Meanwhile, the government has filed an Emergency Motion to Dissolve Stay, citing numerous errors with the Fifth Circuit’s analysis. The government argues, among other things, that:

  • The Fifth Circuit erred in its findings that an airborne virus like COVID-19 did not meet the definitions of “physical agent” and “new hazard” in the Occupational Safety and Health Act;
  • Contrary to the Fifth Circuit’s findings, OSHA has the authority to regulate hazards that also exist outside of the work environment;
  • The ETS does regulate economic activity under the Commerce Clause, because it is regulating conditions of employment for business that affect interstate commerce;
  • The Fifth Circuit got it wrong when finding that the government did not properly explain its change in position on the necessity of an ETS from last year, when it told the D.C. Circuit in May 2020 that it did not need an ETS to address the COVID-19 hazard; and
  • The difference between then and now is that this ETS is narrowly tailored to the COVID-19 hazard and is not seeking to regulate some generic and undefined category of infectious diseases without notice and comment rulemaking, which is what was in dispute in the 2020 D.C. Circuit case.

Addressing the Fifth Circuit’s concern about the ETS arbitrarily regulating employers with at least 100 employees but not smaller employers, the government argues that it is proceeding in a “stepwise fashion,” and is considering that option still, which does not undermine the ETS as currently written. The government further argues that COVID-19 still poses a grave danger, because unvaccinated people can become seriously ill and die and “the existence of a ‘grave danger’… does not mean that the worst-case scenario is certain to befall every employee.” The OSHA Covid Rule Case, No. 21-700, Entry [69], p. 31 (6th Cir). The government argues that, on balance, the risk to employees in staying the ETS outweighs the harm to petitioners of compliance with the ETS and “would likely cost many lives per day, in addition to large numbers of hospitalizations other serious health effects and tremendous expenses.”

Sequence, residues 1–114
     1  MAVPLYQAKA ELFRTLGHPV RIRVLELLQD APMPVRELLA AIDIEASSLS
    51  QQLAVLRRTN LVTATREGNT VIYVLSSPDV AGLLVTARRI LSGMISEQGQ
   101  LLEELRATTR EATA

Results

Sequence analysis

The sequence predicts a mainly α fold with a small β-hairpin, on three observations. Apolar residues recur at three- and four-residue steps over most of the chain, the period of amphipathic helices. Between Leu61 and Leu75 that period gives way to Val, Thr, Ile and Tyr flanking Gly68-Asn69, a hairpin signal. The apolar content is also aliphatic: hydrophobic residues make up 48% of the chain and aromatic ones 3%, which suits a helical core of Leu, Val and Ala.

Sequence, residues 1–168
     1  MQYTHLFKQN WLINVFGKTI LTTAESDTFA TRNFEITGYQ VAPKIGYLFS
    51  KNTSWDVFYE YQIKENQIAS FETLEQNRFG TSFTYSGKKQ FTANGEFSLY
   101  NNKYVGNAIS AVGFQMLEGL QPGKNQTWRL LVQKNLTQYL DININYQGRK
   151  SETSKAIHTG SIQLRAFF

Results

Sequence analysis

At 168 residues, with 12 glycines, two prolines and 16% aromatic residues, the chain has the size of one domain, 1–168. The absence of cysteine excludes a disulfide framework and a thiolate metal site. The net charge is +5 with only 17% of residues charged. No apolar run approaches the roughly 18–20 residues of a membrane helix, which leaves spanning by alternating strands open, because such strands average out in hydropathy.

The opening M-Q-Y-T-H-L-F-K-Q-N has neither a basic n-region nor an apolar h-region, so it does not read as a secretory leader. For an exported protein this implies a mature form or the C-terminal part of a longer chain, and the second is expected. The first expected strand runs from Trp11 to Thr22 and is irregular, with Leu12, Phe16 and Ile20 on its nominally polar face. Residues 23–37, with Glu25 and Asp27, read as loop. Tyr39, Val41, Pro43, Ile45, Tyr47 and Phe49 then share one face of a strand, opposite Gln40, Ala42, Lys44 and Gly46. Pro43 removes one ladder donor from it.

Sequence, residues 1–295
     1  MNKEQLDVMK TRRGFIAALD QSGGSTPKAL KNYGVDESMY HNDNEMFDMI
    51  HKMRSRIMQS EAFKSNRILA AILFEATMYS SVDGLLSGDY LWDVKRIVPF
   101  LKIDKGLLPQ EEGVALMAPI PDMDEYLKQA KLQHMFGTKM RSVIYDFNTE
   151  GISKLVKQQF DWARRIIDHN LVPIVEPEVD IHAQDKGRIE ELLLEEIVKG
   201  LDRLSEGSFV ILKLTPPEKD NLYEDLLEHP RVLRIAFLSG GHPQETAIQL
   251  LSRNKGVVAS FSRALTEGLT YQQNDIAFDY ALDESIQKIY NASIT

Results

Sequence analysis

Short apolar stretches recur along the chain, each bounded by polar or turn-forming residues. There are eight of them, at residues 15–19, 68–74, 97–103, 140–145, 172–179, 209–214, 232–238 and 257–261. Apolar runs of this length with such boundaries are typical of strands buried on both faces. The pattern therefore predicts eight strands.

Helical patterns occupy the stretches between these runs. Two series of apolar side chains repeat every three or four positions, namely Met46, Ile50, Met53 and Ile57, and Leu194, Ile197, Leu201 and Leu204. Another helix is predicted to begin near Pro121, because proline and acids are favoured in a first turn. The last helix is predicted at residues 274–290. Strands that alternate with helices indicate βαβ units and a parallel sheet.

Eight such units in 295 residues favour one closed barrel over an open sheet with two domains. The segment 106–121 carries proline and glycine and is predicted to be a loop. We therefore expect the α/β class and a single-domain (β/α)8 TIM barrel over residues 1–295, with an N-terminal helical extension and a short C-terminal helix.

Lastly, the government argues that if the Sixth Circuit disagrees that the stay should be lifted, the Court should modify the stay so that the masking and testing requirements can remain in effect during the pendency of the litigation. The government also argues that the stay should be limited to the affirmative requirements imposed on employers, and that they should be left with the option to adopt COVID-19 policies. Finally, the government seeks clarification on the scope of the Fifth Circuit’s stay, should the Sixth Circuit leave it in place, because the Fifth Circuit ordered OSHA to take no steps to implement or enforce the ETS. The government requests the ability of OSHA to provide pre-enforcement guidance to the public and take internal steps, such as drafting guidance and training employees on enforcement of the ETS, during the pendency of the litigation.

Attorneys at Jackson Lewis are closely monitoring developments in this case. If you have questions about your compliance obligations under applicable federal or state laws, please reach out to a member of our Workplace Safety and Health Practice Group, the COVID-19 Team, or the Jackson Lewis attorney with whom you normally work.